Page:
If there was any popular dog-themed TV shows back in 1954, it must be The Adventures of Rin Tin Tin (1954 – 1959) with a total of 164 episodes. The series told a story of an orphanage boy called Rusty and his German Shepherd dog Rin Tin Tin. The boy was raised by US Cavalry in Fort Apache and together with his trusty canine fren, Rusty and Rin Tin Tin travelled and helped to maintain order in Western America.
Interesting enough, Rin Tin Tin was also the real name of our male German Shepherd actor. He was rescued by a soldier Lee Duncan from a World War I battlefield. Duncan trained Rin Tin Tin and brought the pooch to the cinematic world. Rin Tin Tin starred in 27 Hollywood films and he quickly became a huge doggo celebrity. And of course, we can still see his name on Hollywood Walk of Fame to this day.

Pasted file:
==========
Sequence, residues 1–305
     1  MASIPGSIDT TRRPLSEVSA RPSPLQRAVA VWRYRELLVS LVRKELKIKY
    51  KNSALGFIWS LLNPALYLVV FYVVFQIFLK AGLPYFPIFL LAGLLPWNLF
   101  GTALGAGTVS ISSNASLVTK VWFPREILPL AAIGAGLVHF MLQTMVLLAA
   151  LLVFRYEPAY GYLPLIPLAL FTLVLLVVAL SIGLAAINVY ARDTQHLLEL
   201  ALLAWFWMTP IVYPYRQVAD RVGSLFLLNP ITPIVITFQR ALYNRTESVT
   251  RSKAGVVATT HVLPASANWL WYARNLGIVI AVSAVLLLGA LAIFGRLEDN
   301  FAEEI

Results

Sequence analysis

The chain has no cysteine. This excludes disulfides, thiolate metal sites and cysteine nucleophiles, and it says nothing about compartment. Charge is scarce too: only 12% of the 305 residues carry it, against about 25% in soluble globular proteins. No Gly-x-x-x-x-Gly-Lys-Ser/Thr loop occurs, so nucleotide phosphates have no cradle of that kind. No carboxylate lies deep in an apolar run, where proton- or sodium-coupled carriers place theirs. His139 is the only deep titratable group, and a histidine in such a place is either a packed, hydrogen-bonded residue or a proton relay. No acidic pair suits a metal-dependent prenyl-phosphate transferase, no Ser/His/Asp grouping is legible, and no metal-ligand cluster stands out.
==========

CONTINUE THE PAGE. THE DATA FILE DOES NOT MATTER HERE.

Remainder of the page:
14. Scooby Doo from Scooby Doo Where Are You! (1969–1970)
Scooby Doo Where Are You was a fascinating mystery comedy cartoon series produced by Hanna-Barbera back in 1969 – 1970. The story told about 5 friends: Fred Jones, Daphne Blake, Velma Dinkley, Norville “Shaggy” Rogers, and of course their trusty Great Dane doggo – Scooby Doo. Scooby Doo was an extremely interesting “character” since he could speak English in… broken tongue. Furthermore, he was extremely intelligent that he could understand and “communicate” with other “hooman” like a human! Fortunately for Scooby Doo fans, the series is still running even to this day with the latest film Scooby-Doo! Shaggy’s Showdown in 2017.
15. Shadow and Chance from Homeward Bound the Incredible Journey (1993)